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The Influenza Virus: Structure and Replication

Influenza virus structure

Influenza viruses are roughly spherical, although somewhat pleomorphic, particles, ranging from 80 to 120 nm in diameter. 1, x RA Lamb, RM Krug. Orthomyxoviridae: the viruses and their replication. DM Knipe, PM Howley, DE Griffin (Eds.) et al. Fields Virology 4th edn. (Lippincott Williams & Wilkins, 2001) (1487 - 1531) 7 x RWH Ruigrok. Structure of influenza A, B and C viruses. KG Nicholson, RG Webster, AJ Hay (Eds.) Textbook of Influenza (Blackwell Science, 1998) (29 - 42) Figure 5 presents a model of the overall structure of the influenza virus. A characteristic feature of influenza virus particles is their external layer of approximately 500 spike-like projections. These spikes represent the envelope glycoproteins HA (which has a rod-like shape) and NA (which is mushroom-shaped). 7 x RWH Ruigrok. Structure of influenza A, B and C viruses. KG Nicholson, RG Webster, AJ Hay (Eds.) Textbook of Influenza (Blackwell Science, 1998) (29 - 42) The HA spike is a trimer, consisting of three individual HA monomers, 8 x DA Steinhauer, SA Wharton. Structure and function of the haemagglutinin. KG Nicholson, RG Webster, AJ Hay (Eds.) Textbook of Influenza (Blackwell Science, 1998) (54 - 64) while the NA spike is a tetramer. 9, x PM Colman. Structure and function of the neuraminidase. KG Nicholson, RG Webster, AJ Hay (Eds.) Textbook of Influenza (Blackwell Science, 1998) (65 - 73) 10 x JN Varghese, WG Laver, PM Colman. Structure of the influenza virus glycoprotein antigen neuraminidase at 2.9 Å resolution. Nature 303 (1983) (35 - 40) Crossref. HA is about four times more abundant than NA.

Figure 5 Model of influenza virus.

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References in context

  • Influenza viruses are roughly spherical, although somewhat pleomorphic, particles, ranging from 80 to 120 nm in diameter.1,7 Figure 5 presents a model of the overall structure of the influenza virus.
    Go to context

The viral envelope proteins

The major envelope glycoprotein HA is synthesized in the infected cell as a single polypeptide chain (HA0) with a length of approximately 560 amino acid residues, which is subsequently cleaved into two subunits, HA1 and HA2. 1, x RA Lamb, RM Krug. Orthomyxoviridae: the viruses and their replication. DM Knipe, PM Howley, DE Griffin (Eds.) et al. Fields Virology 4th edn. (Lippincott Williams & Wilkins, 2001) (1487 - 1531) 8 x DA Steinhauer, SA Wharton. Structure and function of the haemagglutinin. KG Nicholson, RG Webster, AJ Hay (Eds.) Textbook of Influenza (Blackwell Science, 1998) (54 - 64) These subunits remain covalently linked to one another through disulphide bonds. Cleavage of HA0 is essential for the molecule to be able to mediate membrane fusion between the viral envelope and the host cell membrane, as discussed in more detail below. HA belongs to the first proteins for which the entire three-dimensional structure has been elucidated. Treatment of whole virions with the enzyme bromelain, which clips the polypeptide chain just above the viral membrane, releases a water-soluble fragment of the HA spike, commonly referred to as BHA. The ectodomain of HA of A/Aichi/2/68 (H3N2) virus, related to the Hong Kong pandemic virus of 1968, has thus been crystallized and subjected to X-ray analysis. 8, x DA Steinhauer, SA Wharton. Structure and function of the haemagglutinin. KG Nicholson, RG Webster, AJ Hay (Eds.) Textbook of Influenza (Blackwell Science, 1998) (54 - 64) 11 x IA Wilson, JJ Skehel, DC Wiley. Structure of the haemagglutinin membrane glycoprotein of influenza virus at 3 Å resolution. Nature 289 (1981) (366 - 373) Crossref. Figure 6 presents a representation of the 3D structure of HA based on this pioneering X-ray crystallographic structure determination.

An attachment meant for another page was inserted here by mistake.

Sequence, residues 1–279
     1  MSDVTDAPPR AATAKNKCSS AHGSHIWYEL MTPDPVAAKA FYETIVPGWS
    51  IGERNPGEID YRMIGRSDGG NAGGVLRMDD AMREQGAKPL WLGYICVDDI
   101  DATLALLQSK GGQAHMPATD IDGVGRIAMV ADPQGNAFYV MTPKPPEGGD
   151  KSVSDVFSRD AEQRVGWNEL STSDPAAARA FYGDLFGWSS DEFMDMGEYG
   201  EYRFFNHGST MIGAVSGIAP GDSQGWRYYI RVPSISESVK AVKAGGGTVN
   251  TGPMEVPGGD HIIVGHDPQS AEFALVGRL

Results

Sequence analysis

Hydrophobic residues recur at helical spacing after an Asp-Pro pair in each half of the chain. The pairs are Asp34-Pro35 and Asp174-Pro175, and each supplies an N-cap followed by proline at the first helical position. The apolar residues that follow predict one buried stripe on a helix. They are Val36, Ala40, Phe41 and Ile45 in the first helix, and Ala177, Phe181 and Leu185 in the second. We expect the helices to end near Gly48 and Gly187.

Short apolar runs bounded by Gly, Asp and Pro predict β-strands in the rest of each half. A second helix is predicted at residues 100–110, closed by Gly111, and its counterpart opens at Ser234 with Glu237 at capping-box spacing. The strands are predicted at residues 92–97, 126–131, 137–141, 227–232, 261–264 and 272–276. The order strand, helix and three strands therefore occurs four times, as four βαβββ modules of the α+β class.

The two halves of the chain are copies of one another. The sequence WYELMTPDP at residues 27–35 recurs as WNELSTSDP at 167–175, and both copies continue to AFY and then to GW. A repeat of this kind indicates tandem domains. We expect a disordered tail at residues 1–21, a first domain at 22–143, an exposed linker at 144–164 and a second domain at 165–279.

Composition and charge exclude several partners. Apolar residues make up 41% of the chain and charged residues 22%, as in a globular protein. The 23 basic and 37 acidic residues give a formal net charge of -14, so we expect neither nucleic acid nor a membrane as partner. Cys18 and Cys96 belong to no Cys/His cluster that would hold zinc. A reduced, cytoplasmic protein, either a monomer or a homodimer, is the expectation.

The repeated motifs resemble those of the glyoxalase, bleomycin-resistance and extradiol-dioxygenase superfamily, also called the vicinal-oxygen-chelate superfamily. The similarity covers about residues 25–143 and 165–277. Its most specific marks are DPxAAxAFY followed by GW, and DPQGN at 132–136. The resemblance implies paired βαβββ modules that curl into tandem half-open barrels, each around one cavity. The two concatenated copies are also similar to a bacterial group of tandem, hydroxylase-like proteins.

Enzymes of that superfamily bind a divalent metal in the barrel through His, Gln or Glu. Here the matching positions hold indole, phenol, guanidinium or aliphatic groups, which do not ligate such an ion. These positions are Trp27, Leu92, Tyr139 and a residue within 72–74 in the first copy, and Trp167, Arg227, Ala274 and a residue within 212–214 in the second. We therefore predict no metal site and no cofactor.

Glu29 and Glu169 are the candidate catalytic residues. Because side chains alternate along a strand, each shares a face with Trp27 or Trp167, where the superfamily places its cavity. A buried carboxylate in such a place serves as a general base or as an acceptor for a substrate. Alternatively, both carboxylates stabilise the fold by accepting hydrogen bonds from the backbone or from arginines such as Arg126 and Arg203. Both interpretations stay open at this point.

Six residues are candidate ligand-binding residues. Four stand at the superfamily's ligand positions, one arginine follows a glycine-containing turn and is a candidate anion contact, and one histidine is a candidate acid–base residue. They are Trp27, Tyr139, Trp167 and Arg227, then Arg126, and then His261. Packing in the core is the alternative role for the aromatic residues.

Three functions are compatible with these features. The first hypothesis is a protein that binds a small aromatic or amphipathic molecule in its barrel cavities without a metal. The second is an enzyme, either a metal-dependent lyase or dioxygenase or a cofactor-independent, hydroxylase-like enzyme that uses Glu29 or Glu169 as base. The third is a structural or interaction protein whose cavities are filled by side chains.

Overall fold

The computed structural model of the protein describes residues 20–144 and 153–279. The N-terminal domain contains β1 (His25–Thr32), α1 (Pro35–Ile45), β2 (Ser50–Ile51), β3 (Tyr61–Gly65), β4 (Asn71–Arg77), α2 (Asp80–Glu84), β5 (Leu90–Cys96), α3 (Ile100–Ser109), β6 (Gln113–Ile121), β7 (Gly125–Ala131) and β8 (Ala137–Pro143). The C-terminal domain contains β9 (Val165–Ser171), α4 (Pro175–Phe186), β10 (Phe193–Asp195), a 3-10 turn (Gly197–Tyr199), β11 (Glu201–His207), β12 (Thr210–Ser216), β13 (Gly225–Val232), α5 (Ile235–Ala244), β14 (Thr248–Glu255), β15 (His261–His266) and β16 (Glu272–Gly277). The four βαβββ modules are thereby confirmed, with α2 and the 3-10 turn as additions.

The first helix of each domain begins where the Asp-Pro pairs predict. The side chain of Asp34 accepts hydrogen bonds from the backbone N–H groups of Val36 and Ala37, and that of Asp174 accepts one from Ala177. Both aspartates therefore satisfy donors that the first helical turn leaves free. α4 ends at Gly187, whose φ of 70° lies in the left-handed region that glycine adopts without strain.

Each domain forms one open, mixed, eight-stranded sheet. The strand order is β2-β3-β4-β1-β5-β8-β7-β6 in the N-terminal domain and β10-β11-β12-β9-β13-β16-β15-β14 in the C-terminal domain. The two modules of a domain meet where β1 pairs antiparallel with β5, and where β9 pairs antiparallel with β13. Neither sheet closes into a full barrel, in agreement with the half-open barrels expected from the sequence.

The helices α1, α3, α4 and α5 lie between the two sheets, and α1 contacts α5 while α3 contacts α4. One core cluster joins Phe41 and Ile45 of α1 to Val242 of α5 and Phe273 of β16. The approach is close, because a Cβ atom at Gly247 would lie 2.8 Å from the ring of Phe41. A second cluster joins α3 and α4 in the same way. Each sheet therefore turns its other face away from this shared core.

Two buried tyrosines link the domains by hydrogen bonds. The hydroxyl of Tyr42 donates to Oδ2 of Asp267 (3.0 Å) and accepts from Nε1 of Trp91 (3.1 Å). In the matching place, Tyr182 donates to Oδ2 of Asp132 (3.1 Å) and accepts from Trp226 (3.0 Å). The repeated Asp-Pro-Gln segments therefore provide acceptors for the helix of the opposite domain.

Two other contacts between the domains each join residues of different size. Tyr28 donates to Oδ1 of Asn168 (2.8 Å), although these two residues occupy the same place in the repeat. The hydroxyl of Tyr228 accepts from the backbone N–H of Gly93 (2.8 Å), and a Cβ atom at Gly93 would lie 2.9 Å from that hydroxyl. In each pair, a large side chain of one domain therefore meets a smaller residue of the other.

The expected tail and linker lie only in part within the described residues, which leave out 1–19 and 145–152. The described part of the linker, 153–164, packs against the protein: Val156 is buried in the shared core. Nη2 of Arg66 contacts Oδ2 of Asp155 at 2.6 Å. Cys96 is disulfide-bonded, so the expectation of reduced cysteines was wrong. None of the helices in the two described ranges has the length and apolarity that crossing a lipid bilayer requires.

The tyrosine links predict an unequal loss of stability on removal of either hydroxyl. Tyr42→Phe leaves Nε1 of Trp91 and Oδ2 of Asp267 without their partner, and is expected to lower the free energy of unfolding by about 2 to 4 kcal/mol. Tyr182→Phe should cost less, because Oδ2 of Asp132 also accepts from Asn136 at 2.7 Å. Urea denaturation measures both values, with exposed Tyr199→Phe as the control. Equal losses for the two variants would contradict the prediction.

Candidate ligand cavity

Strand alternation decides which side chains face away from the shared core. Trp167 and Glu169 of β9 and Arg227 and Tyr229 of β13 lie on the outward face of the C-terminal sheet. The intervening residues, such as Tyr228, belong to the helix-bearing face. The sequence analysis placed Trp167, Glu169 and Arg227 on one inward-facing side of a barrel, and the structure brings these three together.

Figure 6 The three-dimensional structure of the influenza haemagglutinin (HA). The HA monomer (left) and trimer (right) are shown. In the monomer, the globular HA1 subunit is shown in dark blue, the HA2 subunit in light blue, with the “fusion peptide” in red. The receptor-binding site of HA1 is located at the tip of the molecule. This figure was produced by André van Eerde (University of Groningen), using MOLSCRIPT, on the basis of the co-ordinate file from the Protein Data Bank, code 3HMG. source: Weis WI et al. Refinement of the influenza virus hemagglutinin by simulated annealing. J Molec Biol 1990; 212: 737–761.

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References in context

  • This figure was produced as described in the caption to Figure 6.
    Go to context

  • This figure was produced using MOLSCRIPT, as described in the caption to Figure 6, on the basis of co-ordinate files from the Protein Data Bank, codes 3HMG and 1HTM.
    Go to context

  • The ectodomain of HA of A/Aichi/2/68 (H3N2) virus, related to the Hong Kong pandemic virus of 1968, has thus been crystallized and subjected to X-ray analysis.8,11 Figure 6 presents a representation of the 3D structure of HA based on this pioneering X-ray crystallographic structure determination.